Niagara Gazette — The Oneidas agreed to place no more than 25,000 acres of land into trust, effectively settling the tribe's longstanding land claims. The Oneidas would charge prices for cigarettes comparable with non-Indian merchants, who have complained they can't compete with the Oneida's untaxed goods. The tribe said it already does that with gasoline sales.
Local governments would see income from a number of sources. For instance, the state would distribute a quarter of the revenue it receives from the tribe to Oneida County, where Turning Stone is located. Neighboring Madison County would get a one-time payment of $11 million for past tax claims.'
The counties agreed to drop ongoing litigation against the Oneidas over the tribe's application to put land into trust. "This is a success not just for the Oneida people, it's a win for central New York and a win for the state," Oneida Nation representative Ray Halbritter said.
The Oneida leader announced the deal along with Cuomo, Oneida County Executive Anthony Picente and Madison County Board of Supervisors Chairman John Becker.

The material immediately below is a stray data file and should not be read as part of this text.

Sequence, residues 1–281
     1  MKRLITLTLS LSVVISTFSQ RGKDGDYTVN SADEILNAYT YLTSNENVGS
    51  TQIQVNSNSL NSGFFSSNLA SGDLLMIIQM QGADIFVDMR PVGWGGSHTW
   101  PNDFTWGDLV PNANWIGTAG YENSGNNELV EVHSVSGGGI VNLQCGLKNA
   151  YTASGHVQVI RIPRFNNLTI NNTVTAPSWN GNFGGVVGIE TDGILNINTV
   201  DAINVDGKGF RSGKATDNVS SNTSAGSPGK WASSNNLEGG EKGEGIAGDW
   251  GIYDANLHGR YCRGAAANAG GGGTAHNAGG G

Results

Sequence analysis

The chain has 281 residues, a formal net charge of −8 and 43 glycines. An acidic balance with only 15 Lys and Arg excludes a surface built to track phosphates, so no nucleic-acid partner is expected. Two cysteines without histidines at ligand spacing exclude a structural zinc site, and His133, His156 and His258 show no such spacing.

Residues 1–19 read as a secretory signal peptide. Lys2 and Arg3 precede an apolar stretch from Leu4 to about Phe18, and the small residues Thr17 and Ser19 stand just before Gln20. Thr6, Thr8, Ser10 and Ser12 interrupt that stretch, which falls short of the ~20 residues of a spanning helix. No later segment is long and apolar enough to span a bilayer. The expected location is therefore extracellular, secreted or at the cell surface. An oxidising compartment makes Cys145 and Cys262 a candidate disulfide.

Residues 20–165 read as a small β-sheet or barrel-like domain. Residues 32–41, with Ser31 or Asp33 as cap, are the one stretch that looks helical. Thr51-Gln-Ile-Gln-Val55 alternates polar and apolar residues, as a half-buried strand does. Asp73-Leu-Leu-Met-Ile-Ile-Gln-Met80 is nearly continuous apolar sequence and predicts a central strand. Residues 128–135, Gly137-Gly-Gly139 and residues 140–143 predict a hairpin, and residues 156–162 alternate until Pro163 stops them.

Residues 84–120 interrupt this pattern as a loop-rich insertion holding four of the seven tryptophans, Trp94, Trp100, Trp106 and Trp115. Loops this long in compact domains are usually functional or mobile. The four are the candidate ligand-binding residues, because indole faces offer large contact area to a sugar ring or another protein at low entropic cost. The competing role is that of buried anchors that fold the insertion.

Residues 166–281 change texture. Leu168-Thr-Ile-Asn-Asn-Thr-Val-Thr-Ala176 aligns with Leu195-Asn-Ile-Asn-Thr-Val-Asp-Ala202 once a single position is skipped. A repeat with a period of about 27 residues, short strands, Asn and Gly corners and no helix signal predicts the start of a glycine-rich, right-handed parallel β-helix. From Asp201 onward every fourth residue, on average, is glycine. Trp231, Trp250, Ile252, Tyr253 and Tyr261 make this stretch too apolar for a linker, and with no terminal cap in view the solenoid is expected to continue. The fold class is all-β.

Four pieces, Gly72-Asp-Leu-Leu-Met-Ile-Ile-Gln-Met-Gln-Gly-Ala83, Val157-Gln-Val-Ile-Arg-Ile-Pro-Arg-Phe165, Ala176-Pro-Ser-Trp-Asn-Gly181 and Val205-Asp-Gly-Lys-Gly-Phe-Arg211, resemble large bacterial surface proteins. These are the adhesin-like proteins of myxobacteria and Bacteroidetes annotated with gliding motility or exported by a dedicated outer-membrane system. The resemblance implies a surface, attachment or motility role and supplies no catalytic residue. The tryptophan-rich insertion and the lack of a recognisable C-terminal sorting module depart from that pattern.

Cuomo drove hard for the deal as he works on his proposal to bring three Las Vegas casinos to upstate New York at yet-to-be-identified locations. A public referendum to change New York's constitution to allow non-Indian casinos could be on the ballot as early as November. The deal announced Thursday effectively sidelines the Oneidas as a potential deep-pocketed foe of expansion.
Cuomo said the deal will stand whether or not voters approve expanded gambling, though it still needs approval by state and county legislatures, the Department of the Interior and the state attorney general.
The agreement comes a week after Cuomo said Indian casinos run by the Oneidas, Senecas and Mohawks could face competition in their backyards if talks with tribes fail to yield results.
The governor on Thursday did not indicate any progress in talks with the Seneca Nation of Indians or the St. Regis Mohawks. Those tribes have been withholding casino payments to the state because they claim it violated their compacts by allowing gambling in their exclusive territories.